Adaptive Re-Use: A Guide to the Real Estate Industry’s Latest Trend
It’s no secret that the modern industrial style of architecture and design has been widely adopted in the commercial real estate industry. Easily recognizable by its brick walls, cement floors, exposed timber beams, high ceilings and sleek lighting, the style is nearly impossible to miss these days. Restaurants, hotels, apartments, offices and retail shops alike are increasingly focused on “industrializing” their space in order to create an authentic and nostalgic ambiance.
While the trend is booming and becoming ever-present in today’s society, it is far from a new concept. The first spaces to pilot this type of style were the result of a strategic type of re-development called adaptive re-use. This is the process of retrofitting an old building with underutilized space to an entirely new use that fits the needs of present-day occupants. In other words, the building maintains its form while changing its function to meet today’s standards.
Adaptive re-use can be an excellent strategy for building owners looking to revitalize their real estate investments, especially when based upon a strong vision, creative solutions and careful execution.
Why Re-Use Old Buildings?
Re-using an existing building is arguably the most sustainable type of development by extending a building’s life, recycling existing energy and materials, & avoiding demolition waste. When a building’s original structure and some of its materials are able to be re-used, a significant amount of materials and energy is conserved. On the other hand, demolition and new construction require substantially larger amounts of energy usage (and costs!) through the procurement of new materials, assemblage of new supplies and extra man power on board.
There are often considerable historic tax credit opportunities for the adaptive re-use of a historic building. The federal Historic Tax Credit (HTC) program was initiated to encourage the rehabilitation and preservation of historically significant buildings. This includes a 20% tax credit of Qualified Rehabilitation Expenditures (QREs) for any costs incurred during the redevelopment phase of historic structures. While the rules for taking those credits are complex, and most individual investors cannot utilize the credits, there are syndicators who will provide equity in return for the credits especially for larger projects. Minnesota has a companion 20% tax credit against state income tax that is a refundable credit, which can be utilized for individual investors.
Historic buildings often contain historical details and finishes that can no longer be replicated with modern construction methods. The transformation of vacant or under-utilized buildings can spark community revitalization efforts . A well-done adaptive reuse project has the opportunity to promote social cohesion, inclusiveness and a sense of cultural & historical pride within a community.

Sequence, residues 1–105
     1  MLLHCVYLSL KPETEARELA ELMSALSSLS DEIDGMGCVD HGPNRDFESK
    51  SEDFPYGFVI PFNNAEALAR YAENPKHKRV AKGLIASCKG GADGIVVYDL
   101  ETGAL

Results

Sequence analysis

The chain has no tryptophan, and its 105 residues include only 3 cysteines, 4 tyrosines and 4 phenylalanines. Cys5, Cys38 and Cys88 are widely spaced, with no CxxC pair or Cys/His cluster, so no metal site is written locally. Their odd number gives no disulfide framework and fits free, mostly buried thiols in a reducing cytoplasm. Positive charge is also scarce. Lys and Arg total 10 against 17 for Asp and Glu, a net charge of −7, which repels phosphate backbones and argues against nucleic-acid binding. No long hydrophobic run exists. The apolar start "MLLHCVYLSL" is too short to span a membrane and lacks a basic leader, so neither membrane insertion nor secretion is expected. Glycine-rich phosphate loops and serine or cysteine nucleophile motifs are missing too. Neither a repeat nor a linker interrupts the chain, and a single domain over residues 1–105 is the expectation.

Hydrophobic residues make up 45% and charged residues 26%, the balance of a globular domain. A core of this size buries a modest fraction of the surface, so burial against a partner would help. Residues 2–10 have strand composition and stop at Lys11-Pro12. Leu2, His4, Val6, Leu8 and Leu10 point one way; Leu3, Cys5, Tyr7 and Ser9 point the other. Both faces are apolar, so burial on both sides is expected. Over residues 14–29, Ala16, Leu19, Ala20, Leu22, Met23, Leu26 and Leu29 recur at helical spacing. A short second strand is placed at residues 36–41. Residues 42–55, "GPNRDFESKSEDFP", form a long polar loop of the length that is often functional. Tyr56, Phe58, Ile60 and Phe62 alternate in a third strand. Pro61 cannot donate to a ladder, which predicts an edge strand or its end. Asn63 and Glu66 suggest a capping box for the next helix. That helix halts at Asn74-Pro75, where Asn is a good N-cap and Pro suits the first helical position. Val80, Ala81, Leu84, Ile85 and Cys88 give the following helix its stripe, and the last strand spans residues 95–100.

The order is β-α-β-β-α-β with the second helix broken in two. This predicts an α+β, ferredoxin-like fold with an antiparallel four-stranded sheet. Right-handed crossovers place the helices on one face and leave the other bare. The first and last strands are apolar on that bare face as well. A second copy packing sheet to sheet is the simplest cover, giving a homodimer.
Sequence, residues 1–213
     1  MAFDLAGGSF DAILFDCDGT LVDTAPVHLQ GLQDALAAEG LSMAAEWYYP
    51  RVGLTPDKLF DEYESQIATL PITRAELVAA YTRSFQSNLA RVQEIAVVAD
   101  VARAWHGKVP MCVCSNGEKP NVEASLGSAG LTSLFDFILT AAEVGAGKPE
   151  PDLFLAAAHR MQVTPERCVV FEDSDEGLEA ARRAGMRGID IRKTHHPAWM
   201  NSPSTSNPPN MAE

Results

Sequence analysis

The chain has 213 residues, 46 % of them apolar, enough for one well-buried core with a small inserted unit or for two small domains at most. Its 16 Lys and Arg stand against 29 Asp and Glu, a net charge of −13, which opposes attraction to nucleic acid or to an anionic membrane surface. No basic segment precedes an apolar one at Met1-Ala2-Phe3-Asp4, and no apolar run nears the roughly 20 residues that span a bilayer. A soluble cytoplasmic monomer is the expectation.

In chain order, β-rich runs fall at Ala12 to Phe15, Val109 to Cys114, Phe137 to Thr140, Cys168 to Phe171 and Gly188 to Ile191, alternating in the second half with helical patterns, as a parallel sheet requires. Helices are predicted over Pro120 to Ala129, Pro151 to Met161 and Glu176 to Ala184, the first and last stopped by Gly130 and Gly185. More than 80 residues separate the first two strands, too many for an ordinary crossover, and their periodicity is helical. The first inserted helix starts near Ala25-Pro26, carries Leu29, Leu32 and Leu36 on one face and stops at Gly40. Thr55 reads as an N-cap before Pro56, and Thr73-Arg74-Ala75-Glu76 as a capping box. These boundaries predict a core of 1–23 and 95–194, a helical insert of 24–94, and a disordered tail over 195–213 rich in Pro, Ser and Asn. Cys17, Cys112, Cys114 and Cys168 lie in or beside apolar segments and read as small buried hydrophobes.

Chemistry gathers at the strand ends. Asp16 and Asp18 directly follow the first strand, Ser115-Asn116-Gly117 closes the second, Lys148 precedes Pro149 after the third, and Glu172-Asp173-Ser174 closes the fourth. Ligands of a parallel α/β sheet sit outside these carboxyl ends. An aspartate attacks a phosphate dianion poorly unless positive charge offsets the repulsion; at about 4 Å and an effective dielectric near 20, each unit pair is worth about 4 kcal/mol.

Challenges to Consider with Adaptive Re-Use Projects:
Hidden conditions will be an ever present challenge when dealing with an older historic building. Whether it is structural deficiencies or environmental hazards, there’s rarely an adaptive re-use project that doesn’t run into unanticipated surprises somewhere along the way. For example, contamination due to years of prior industrial use could require extensive clean-up efforts for asbestos, mold or lead paint, or even venting systems to address vapor issues. In order to avoid costly surprises, it is vital to take note of the building’s structural capacity and current conditions during the due diligence and planning phases in order to assess the project’s financial feasibility and success
Modern Building Code Requirements:
Complying with modern building codes is one of the biggest issues to consider when planning an adaptive reuse project. In most cases, historic buildings pre-date current building codes and are likely not in compliance. This can lead to major challenges if not detected early on in the due diligence process, as it may require substantial upgrades to bring the building up to code. A few key examples to watch out for include fire ratings and exiting requirements, ADA compliance, energy codes, electrical codes, environmental requirements, and sound separation between floors. The specific issues can also vary based on the age of the building; a pre-1938 brick and timber structure will present distinctly different challenges than a 1960s era warehouse. An experienced architect will be able to utilize the conservation code to navigate the balance of meeting code requirements and preserving the historic nature of the building.
Complex Financial Modeling:
Federal Historic Tax Credits are the best way to get the most financial return out of an adaptive re-use project, but they require in-depth knowledge and expertise on the inner workings of these complex programs. While these incentives are a major benefit for this type of project, they also tend to be one of the most complicated pieces to understand. Assembling an experienced team that includes a development consultant, architect and tax accountant that have experience dealing with the historic tax credits is key to making realistic financial assumptions and understanding the process.